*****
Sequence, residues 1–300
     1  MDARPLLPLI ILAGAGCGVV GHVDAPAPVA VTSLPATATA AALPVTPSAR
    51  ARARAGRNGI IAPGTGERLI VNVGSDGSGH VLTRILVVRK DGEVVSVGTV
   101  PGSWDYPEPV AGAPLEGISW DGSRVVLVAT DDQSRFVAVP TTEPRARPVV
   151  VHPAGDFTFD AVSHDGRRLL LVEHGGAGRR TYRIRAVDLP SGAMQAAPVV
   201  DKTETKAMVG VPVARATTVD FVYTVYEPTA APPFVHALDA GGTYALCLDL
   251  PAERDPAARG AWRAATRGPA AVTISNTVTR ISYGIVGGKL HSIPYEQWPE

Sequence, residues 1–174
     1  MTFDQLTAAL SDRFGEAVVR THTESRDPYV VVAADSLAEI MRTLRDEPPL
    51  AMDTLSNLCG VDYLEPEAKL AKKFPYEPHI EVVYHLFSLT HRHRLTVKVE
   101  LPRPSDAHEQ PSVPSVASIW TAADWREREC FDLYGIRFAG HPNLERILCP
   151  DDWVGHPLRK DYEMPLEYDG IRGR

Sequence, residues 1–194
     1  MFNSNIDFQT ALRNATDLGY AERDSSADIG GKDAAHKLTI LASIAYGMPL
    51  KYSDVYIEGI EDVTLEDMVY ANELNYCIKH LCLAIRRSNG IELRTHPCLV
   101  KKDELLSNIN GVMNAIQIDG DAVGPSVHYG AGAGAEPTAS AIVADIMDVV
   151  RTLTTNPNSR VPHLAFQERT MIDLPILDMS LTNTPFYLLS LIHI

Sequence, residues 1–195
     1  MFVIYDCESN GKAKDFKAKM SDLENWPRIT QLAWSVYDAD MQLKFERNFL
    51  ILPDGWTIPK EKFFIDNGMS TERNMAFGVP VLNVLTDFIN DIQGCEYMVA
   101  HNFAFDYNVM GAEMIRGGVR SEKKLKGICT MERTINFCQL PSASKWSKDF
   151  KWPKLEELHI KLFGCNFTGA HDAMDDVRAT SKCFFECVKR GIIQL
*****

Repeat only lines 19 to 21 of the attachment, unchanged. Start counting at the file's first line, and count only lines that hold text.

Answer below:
     1  MFVIYDCESN GKAKDFKAKM SDLENWPRIT QLAWSVYDAD MQLKFERNFL
    51  ILPDGWTIPK EKFFIDNGMS TERNMAFGVP VLNVLTDFIN DIQGCEYMVA
   101  HNFAFDYNVM GAEMIRGGVR SEKKLKGICT MERTINFCQL PSASKWSKDF